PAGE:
EspañolThe Inter-American Commission on Human Rights (IACHR) expressed its “alarm” on Friday over threats and acts of intimidation made against Venezuelan citizens who attended the body’s 154th session in Washington, which concluded March 20.
The Organization of American States (OAS) specialized agency highlighted the broadcast of the date and arrival time at Caracas airport of seven individuals by television show Con el mazo dando, presented by National Assembly President Diosdado Cabello.
Among them were members of the Venezuelan Observatory of Social Conflict (OVCS), human-rights organization Provea, the Venezuelan Prisons Observatory (OVP), and Transparency Venezuela.
On February 11, in a previous edition of the show, Cabello called attention to those groups that were attending, describing them as “NGOs of the extreme right,” and argued that the activists were plotting with the IACHR to issue sanctions against the state-transmitted program.
Cabello used the opportunity to mention several of the attending individuals, as well as activists attached to other NGOs, such as the the Andrés Bello Universidad Católica’s Center for Human Rights (CDH-UCAB).
The latest broadcast accompanied the flight details of the IACHR attendees with a photo of Marco Antonio Ponce of the OVCS.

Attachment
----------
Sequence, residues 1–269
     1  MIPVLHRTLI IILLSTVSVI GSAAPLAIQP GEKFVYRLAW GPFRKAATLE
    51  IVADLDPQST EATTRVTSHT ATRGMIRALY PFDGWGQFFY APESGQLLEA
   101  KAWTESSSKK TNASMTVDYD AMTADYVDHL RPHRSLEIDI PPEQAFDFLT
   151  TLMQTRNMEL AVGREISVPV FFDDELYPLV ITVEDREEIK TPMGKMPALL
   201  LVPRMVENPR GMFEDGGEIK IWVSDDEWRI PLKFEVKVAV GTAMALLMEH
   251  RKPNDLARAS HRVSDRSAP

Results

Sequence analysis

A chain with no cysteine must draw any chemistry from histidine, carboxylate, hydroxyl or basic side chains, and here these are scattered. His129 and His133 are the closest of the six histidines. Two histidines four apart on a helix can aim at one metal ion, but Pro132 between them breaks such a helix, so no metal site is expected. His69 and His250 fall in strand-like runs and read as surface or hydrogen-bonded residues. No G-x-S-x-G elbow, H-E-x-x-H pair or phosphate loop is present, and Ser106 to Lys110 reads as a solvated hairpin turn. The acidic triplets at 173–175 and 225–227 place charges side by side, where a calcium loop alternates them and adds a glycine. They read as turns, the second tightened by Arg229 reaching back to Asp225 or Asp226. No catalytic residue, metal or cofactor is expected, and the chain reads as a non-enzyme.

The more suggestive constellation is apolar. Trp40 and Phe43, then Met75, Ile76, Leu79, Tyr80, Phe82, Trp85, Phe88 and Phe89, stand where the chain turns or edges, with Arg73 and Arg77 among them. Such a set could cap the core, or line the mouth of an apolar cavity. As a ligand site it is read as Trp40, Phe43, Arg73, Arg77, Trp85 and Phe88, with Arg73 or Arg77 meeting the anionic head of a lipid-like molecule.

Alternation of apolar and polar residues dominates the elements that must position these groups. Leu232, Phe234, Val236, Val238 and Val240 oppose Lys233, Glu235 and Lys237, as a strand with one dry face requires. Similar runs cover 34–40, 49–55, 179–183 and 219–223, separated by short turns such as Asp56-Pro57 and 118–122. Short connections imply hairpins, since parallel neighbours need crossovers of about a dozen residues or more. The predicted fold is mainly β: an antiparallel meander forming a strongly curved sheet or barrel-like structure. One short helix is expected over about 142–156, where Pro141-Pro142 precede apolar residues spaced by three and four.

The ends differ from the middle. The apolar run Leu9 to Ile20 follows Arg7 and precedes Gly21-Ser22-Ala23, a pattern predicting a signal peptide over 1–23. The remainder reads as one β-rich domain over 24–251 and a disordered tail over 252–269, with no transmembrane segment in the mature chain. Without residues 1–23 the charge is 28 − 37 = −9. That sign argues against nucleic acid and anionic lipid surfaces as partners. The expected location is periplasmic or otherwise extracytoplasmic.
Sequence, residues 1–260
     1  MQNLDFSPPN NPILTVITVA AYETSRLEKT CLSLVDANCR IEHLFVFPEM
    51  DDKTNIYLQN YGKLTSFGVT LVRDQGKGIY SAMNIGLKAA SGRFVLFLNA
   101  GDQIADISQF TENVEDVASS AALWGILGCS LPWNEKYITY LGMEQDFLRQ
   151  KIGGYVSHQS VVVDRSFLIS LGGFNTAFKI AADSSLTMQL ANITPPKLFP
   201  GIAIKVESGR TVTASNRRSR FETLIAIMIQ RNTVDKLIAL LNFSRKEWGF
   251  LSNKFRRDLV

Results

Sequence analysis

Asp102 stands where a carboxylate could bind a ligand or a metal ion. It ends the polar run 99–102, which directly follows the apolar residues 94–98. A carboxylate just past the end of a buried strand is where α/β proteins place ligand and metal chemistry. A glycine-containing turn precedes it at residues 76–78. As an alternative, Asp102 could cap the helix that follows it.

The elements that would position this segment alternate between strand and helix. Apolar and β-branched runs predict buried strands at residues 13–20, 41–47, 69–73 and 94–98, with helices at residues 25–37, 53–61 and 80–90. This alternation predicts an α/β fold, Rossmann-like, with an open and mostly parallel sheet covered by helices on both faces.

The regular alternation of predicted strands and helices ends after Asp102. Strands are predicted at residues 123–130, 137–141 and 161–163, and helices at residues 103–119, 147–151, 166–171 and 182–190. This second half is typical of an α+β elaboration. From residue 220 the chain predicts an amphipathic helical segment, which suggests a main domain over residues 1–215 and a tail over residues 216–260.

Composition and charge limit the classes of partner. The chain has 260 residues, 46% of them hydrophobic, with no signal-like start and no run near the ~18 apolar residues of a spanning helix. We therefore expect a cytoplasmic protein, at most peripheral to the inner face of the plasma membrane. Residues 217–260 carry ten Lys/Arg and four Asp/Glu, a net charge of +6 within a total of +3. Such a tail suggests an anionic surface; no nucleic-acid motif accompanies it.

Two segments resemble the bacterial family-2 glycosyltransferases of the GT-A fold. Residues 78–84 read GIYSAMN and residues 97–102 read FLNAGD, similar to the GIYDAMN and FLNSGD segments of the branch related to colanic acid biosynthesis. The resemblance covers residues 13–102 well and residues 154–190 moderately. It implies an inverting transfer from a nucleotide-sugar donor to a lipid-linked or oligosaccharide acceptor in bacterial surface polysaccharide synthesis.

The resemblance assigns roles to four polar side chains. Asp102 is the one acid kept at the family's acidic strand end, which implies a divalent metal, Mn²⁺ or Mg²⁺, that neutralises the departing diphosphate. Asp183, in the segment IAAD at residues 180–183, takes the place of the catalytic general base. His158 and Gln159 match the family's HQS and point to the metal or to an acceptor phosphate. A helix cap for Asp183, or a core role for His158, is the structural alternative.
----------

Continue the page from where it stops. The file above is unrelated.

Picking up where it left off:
As a result of repeated threats towards Ponce, the IACHR called on Friday for the Venezuelan state to adopt precautionary measures to guarantee his life and safety, as well as his activities as a human-rights defender. The Commission judged that Ponce is in a “serious and urgent situation, as his life and physical integrity are said to be at risk,” following “constant acts of harassment by Venezuelan State officials.”
Cabello has branded Ponce a “conspirator and destabilizer” in previous editions of the TV show, sharing photos of events held by the OVCS designed to analyze and verify the events of 2014’s protests which led to violence across the country.
In January 2015, Ponce received an honorable mention for his work in human rights by the Canadian Embassy in Venezuela, with the top award going to Provea’s Marino Alvarado Betancourt.
The IACHR requested that Venezuela guarantee the safety of all of the mentioned human-rights activists, and prevent them being the object of reprisals by government supporters.
The body also called on public officials to “abstain from making declarations that stigmatize defenders … or suggest that the organizations are acting in an undue or illegal manner.”
Article 63 of the IACHR’s Rules of Procedure establishes that states must offer guarantees to people who submit information to the Commission and refrain from reprisals against them or their families.